Writing is a crucial means of communicating with others and thus vital to success and survival in modern society. Writing processes rely on virtually all aspects of cognition (e.g., working memory, motivation, affect, self-regulation, prior knowledge, problem solving) and are naturally embedded in social contexts. Social factors include writers’ objectives, audience, genre, and mode of writing. For example, the increased use of the Internet has rendered writing for informal purposes more frequent, and writing mechanics (e.g., deleting, spell checking) and search for information more efficient. Research on educational interventions to improve writing points to the importance of providing students with instruction and practice using writing strategies, writing practice with feedback (e.g., instructor, automated), and collaborative writing (including peer feedback). Given the inherent complexity of writing, it is important to help students learn how to write across various situations with varying purposes and demands. This necessitates reading many types of text genres (e.g., narrative vs. informational writing), writing frequently, and revising based on feedback. Since the turn of the century, there has been a substantial increase in research on writing processes, including methods to improve writing. However, there remains a substantial need for additional experimental work to understand writing processes as well as more evidence on which types of interventions are most beneficial in helping students to improve their writing. Feedback from both cognitive and sociocultural researchers should inform future revisions of the standardized guidelines and assessments with the long-term goal of developing a clearly defined set of standards for academic excellence in writing.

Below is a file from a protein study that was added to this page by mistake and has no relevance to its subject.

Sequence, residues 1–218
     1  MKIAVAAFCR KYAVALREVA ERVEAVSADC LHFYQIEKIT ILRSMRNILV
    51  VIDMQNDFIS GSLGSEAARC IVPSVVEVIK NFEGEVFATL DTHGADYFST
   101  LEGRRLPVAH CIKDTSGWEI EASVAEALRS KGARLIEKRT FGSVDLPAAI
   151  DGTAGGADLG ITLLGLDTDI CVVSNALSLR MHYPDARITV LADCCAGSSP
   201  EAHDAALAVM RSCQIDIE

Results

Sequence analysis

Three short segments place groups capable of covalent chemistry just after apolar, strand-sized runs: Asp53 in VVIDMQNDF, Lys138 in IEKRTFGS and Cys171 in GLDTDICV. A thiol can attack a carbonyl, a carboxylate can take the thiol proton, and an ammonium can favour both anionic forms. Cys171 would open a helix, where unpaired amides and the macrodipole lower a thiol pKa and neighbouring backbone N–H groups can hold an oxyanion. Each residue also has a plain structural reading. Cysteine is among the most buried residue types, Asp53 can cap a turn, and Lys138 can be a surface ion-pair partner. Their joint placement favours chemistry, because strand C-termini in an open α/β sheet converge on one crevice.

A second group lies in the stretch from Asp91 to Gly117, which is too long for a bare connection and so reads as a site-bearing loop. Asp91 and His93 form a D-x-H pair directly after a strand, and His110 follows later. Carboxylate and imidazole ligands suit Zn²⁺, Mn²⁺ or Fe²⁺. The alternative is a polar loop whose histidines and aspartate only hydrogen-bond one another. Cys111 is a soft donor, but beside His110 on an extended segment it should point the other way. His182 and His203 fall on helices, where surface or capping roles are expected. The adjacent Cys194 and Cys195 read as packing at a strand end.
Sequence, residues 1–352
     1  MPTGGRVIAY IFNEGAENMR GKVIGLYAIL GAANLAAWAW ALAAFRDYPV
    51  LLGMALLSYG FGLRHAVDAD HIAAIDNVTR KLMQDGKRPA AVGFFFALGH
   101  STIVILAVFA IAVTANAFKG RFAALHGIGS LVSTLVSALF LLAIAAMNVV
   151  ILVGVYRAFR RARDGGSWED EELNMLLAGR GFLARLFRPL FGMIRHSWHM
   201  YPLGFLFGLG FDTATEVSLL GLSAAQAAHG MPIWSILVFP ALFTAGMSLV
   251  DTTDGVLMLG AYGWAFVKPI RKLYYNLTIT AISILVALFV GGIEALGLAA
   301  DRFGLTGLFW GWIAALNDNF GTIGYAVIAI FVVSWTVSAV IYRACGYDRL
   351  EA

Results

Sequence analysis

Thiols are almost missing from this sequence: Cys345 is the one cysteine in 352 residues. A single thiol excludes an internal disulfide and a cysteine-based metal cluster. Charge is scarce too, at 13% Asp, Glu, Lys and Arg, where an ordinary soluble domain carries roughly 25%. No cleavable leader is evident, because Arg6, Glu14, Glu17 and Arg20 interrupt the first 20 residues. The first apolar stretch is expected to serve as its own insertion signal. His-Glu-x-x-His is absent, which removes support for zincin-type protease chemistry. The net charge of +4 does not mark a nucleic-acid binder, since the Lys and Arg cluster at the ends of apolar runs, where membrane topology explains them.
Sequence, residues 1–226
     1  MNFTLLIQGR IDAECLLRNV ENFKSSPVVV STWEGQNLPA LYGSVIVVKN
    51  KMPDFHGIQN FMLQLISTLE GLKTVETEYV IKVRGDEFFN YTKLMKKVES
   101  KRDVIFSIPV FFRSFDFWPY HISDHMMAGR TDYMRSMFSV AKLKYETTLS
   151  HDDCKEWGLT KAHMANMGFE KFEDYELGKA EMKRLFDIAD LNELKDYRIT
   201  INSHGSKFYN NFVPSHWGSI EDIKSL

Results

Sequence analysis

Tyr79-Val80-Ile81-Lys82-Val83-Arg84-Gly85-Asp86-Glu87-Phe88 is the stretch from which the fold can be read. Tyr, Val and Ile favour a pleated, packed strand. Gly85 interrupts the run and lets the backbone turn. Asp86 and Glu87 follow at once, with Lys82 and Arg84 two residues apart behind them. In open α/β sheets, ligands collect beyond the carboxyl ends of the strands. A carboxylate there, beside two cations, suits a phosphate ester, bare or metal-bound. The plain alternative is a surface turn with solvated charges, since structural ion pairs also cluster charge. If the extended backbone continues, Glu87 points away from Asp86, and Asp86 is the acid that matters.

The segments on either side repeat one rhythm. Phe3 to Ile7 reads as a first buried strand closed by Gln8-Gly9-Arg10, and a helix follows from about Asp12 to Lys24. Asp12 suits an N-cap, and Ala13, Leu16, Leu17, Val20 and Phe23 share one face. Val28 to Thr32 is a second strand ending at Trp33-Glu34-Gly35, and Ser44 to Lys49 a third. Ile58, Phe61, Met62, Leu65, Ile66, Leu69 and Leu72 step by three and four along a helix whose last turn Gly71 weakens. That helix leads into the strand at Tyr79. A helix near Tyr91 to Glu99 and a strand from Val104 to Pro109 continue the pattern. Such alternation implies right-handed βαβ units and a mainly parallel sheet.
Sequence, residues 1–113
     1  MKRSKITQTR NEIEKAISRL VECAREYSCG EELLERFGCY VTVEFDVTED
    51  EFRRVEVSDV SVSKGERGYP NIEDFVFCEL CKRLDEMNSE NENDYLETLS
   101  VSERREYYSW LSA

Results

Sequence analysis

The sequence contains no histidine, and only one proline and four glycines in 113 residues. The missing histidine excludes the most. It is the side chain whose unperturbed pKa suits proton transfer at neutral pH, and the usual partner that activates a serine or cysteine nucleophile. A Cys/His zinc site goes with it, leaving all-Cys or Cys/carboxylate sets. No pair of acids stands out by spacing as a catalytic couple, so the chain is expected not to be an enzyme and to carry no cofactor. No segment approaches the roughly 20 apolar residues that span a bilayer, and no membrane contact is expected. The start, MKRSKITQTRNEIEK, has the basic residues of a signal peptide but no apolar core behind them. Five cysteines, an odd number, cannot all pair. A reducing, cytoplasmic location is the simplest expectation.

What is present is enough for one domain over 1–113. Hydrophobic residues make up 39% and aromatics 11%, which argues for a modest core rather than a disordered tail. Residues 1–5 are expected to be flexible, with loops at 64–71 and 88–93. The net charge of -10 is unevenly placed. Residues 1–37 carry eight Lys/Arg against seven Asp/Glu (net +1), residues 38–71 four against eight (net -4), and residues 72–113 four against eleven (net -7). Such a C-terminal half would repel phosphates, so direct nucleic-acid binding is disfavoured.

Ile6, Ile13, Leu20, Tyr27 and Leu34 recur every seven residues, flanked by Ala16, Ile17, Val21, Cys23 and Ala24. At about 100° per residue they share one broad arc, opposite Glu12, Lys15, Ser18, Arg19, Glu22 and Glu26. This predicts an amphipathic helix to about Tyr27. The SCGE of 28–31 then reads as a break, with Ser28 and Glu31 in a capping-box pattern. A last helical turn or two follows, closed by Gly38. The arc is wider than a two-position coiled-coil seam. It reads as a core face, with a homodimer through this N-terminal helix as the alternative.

Fernando Hernández-Hernández and Juana M. Sancho-Gil
Researchers from various disciplines collect and generate field notes as a strategy to describe and reflect (through texts, photos, drawings, diagrams, or recordings) the complexity they face when addressing entangled and many-faceted phenomena. Field notes are as common research strategy not only to capture and amass instantly what researchers listen to, observe, think, and feel, but also to make explicit their reflexivity process, based on their observations and experiences. Field notes are not only a method for generating evidence, but a reflection of the ontological, epistemological, methodological, and ethical positionality that guide the researcher’s gaze. Paradoxically, although field notes are something most researchers use and are fundamental in their reports and publications, they are generally the hidden and idiosyncratic side of academic field work.